Sprout-less Gold Now Tier 1 Capital

By Rick Mills – Re-Blogged From Gold Eagle

Gold Is Often Criticized By Wall Street As Being Kind Of A Useless Investment.

Institutional investors tend to prefer investments that are thought to contain the potential for growth, growth = sprouts. An investment has to produce a growing revenue stream – if it doesn’t grow it doesn’t compound. Gold is rejected as an investment because it doesn’t produce sprouts, meaning the steady income and systematic growth so sought after by institutional investors just isn’t there.

But gold performs two jobs that fiat currencies, or any other financial innovation, cannot do; gold acts as a safe haven in times of turmoil. Indeed, gold’s status as store of value, as money, the only currency available when yours is worthless, has come into play with respect to the drama that has been unfolding in Venezuela over the last couple of years. Hyperinflation and shortages of basic foods and medicine have led to a political crisis.

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What Causes Loss Of Purchasing Power

By Keith Weiner – Re-Blogged From Gold Eagle

We have written much about the notion of inflation. We don’t want to rehash our many previous points, but to look at the idea of purchasing power from a new angle. Purchasing power is assumed to be intrinsic to the currency. We have said that the problem with the word inflation is that it treats two different phenomena as if they are the same. One is the presumed effect of rising quantity of dollars. The other is the effect of rising regulatory and tax burdens.

Let’s use milk as an example. Suppose milk was $1 per gallon. Many would say that a dollar is worth one gallon of milk. Or, alternatively, a dollar’s purchasing power is one gallon of milk. Suppose that later, the price of milk goes up to $2. Then, people say that the dollar’s purchasing power falls by 50%, to half a gallon of milk. Regardless of what you call it, everyone would agree that the dollar buys less than it did.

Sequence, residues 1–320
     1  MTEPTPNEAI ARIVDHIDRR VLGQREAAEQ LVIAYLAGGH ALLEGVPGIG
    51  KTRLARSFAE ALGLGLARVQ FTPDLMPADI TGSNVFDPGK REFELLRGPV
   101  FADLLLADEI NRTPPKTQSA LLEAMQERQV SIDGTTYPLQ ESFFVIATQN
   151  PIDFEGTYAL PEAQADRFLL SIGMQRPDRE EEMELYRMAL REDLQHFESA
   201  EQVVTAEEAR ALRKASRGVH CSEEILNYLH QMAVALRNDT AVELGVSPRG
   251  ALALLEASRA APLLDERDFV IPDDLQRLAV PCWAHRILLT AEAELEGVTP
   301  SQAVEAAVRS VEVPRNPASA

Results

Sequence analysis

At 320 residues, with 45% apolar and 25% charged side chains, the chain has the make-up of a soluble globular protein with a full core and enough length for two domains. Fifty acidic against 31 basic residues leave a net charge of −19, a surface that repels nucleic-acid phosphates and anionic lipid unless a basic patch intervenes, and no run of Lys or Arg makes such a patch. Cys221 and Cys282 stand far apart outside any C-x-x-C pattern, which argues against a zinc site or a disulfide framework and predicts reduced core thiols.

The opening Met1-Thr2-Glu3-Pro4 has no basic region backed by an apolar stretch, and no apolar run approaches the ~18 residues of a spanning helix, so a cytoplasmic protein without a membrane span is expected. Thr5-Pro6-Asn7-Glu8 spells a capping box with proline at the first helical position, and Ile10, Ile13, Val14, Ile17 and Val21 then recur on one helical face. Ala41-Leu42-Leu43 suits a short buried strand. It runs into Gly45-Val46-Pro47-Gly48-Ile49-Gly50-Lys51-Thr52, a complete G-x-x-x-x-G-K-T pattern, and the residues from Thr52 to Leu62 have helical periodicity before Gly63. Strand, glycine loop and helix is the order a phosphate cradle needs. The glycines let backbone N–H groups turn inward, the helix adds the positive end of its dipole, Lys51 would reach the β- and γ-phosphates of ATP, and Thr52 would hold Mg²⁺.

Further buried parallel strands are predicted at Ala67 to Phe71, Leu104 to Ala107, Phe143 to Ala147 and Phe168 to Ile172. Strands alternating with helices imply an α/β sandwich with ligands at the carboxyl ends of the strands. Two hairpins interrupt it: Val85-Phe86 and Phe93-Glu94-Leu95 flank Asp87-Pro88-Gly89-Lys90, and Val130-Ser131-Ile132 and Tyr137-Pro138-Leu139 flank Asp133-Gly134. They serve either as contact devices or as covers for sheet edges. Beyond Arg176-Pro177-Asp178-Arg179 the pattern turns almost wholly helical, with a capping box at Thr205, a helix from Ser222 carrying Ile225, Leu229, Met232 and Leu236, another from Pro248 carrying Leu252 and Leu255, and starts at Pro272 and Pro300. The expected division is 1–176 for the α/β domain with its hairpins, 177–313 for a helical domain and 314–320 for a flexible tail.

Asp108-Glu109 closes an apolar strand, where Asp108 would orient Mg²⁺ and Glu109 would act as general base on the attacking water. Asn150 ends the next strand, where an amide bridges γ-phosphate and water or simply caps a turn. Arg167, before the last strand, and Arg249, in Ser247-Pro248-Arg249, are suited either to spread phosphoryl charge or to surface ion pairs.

Until now. Let us explain.

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Why Are Wages So Low

By Keith Weiner – Re-Blogged From Gold Eagle

Last week, we talked about the capital consumed by Netflix—$8 billion to produce 700 shows. They’re spending more than two thirds of their gross revenue generating content. And this content has so little value, that a quarter of their audience would stop watching if Netflix adds ads (sorry, we couldn’t resist a little fun with the English language).

So it is with wry amusement that, this week, Keith heard an ad for an exclusive-to-Pandora series. The symptoms of falling-interest-disease are ubiquitous.

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Lemonade Stand Economics

By Gary Christenson – Re-Blogged From http://www.Gold-Eagle.com

Summary: Timmy, a precocious ten-year-old opens a lemonade stand and learns about unbacked currencies.

“Dad, I’m excited and ready for business. Mom made me sign an IOU when she gave me sugar and frozen lemonade so I have stuff to sell.” Timmy looked up at his father and smiled in anticipation.

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War on Cash Turns to $20, $50, and $100 Bills

Re-Blogged From Money Metals News

Harvard professor and economist Ken Rogoff is once again leading the chorus of high-level academics and officials who declare cash is only for criminals. He made his case in a recent Wall Street Journal editorial called the “Sinister Side of Cash.” The solution, he declares, is to simply get rid of anything but the smallest bank notes.

In his vision, drug dealers, human traffickers, and tax cheats are everywhere, but they are reliant on cash. Our benevolent central planners can largely incapacitate them by ridding society of anything larger than a $10 bill.

Kingpins won’t know what to do when a single-engine Cessna full of cocaine requires a Boeing 747 full of $1s, $5s, and $10s to make payment.

Rogoff seems to blame cash, not bad people, for facilitating criminal activity. He writes;
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